Road rage is a threat to the safety of drivers throughout Georgia and all across the United States.
Road rage, sometimes called aggressive driving, occurs when someone exhibits angry or violent behavior while driving a motor vehicle. It's different from getting mad at the actions of another driver, shaking it off and moving on. Instead, a driver exhibiting road rage responds to that anger in ways that can result in car accidents, physical threats, assault or even death.
We never know what will anger the driver of another vehicle, or if they are the type who will act on that anger. Typically, however, some of the more common events that upset drivers are listed below.
When other drivers….
- Tailgate, or follow too closely
- Weave in and out of traffic
- Cut-off a driver while changing lanes
- Talk on the phone or text while driving
- Give hand gestures or make verbal comments
- Brake suddenly without just cause
- Flash headlights or honk the horn
Just last week, a Dalton, Georgia man, while riding his bicycle to work, “flipped-off” a motorist who passed by him dangerously close. The hand gesture enraged the driver so much that further down the road he stopped his vehicle, got out of his truck, and assaulted the cyclist. Luckily, the biker captured it all on video, and he wasn't hurt.
Tragically, victims of road rage aren't always so lucky, as was the case in Gainesville, GA when an irate driver passing another vehicle killed 20-year old Chelsea Gerrish in a head-on collision. At the time of the accident, the occupant of the vehicle he was passing was on the phone with 911 reporting the dangerous behavior of the driver. He appeared to be angry that the vehicle in front of him was driving too slowly. Her parents are now fighting to get legislation passed in Georgia that will create stiffer penalties for dangerous drivers.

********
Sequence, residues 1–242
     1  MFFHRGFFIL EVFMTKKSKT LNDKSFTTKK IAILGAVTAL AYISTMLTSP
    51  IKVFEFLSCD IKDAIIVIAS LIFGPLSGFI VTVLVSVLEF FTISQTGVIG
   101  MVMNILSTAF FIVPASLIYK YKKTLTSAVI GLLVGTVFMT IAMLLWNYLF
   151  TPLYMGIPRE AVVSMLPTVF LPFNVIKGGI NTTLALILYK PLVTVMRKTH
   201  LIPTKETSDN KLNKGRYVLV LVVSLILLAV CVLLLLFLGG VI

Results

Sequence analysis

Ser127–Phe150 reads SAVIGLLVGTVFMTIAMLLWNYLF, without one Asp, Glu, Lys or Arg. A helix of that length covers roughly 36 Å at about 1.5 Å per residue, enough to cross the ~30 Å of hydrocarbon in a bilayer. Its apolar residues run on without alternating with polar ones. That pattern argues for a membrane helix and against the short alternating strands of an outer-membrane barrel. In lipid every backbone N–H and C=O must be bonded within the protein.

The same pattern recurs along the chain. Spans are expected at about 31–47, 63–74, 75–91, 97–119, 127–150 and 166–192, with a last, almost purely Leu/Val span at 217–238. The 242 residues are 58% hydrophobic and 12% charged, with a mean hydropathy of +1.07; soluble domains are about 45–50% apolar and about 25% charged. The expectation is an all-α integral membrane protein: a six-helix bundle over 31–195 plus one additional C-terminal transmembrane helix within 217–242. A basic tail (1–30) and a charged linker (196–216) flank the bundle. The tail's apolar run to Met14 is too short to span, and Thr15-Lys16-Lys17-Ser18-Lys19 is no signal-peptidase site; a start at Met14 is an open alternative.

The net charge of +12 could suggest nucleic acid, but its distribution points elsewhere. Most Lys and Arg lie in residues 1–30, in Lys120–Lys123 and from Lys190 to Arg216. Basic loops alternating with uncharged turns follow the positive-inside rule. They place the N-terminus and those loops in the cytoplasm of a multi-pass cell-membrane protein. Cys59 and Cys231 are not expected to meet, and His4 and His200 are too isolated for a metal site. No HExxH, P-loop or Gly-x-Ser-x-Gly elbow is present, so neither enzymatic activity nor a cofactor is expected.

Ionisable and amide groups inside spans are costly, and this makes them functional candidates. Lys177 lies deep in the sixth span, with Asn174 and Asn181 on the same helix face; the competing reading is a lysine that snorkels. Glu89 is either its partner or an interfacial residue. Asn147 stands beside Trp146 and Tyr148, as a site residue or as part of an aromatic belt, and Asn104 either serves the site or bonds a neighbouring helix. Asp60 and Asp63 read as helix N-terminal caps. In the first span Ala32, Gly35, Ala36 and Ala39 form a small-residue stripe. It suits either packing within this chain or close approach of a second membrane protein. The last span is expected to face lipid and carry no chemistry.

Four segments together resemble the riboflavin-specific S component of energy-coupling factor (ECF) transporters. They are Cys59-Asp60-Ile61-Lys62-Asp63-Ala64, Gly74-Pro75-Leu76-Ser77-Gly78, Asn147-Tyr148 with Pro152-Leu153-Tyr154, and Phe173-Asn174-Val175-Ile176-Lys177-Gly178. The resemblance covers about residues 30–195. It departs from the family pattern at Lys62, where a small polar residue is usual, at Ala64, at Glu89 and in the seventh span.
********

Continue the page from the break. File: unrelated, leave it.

Everyone gets angry with other drivers from time-to-time, just as we all will likely experience the wrath of an angry driver at some point. Usually, it's a brief anger that passes quickly. If, however, you find yourself involved in an incident of road rage, try to remain calm, call 9-1-1, and do the following:
- Don't make the situation worse. Do not make eye contact, yell, make a nasty face, flash your lights or honk your horn. No matter how angry the behavior of the other driver makes you, your safety depends on staying calm.
- Try to get away from the aggressive driver in a safe way. Maybe pull onto another street or slow down so that he/she can move on.
- It's best not to stop, but If you're forced to do so then pull in an area with other people around.
- Don't get out of your car and keep your windows rolled up.
- Again, Call 9-1-1
- If you have a smartphone and can safely use it, or have a passenger to do it, then video the incident and take pictures
Sometimes, the victim of road rage is the very person who sets the whole incident into motion. Maybe you were distracted and accidentally pulled out in front of a car, causing the driver to become emotionally charged. If this is the case, try to diffuse the situation as quickly as possible. Mouth an apology and grimace so that the other driver knows you meant no harm. Even if the other person screams an obscenity or gives you a rude hand gesture, apologize profusely. Don't escalate a potentially dangerous situation by responding with the same sort of anger.
Road rage and aggressive driving situations claim lives. Thousands of people have been injured or killed in road rage incidents over the past decade. Stay focused while driving and don't get distracted. Your life and the lives of those around you depend on it.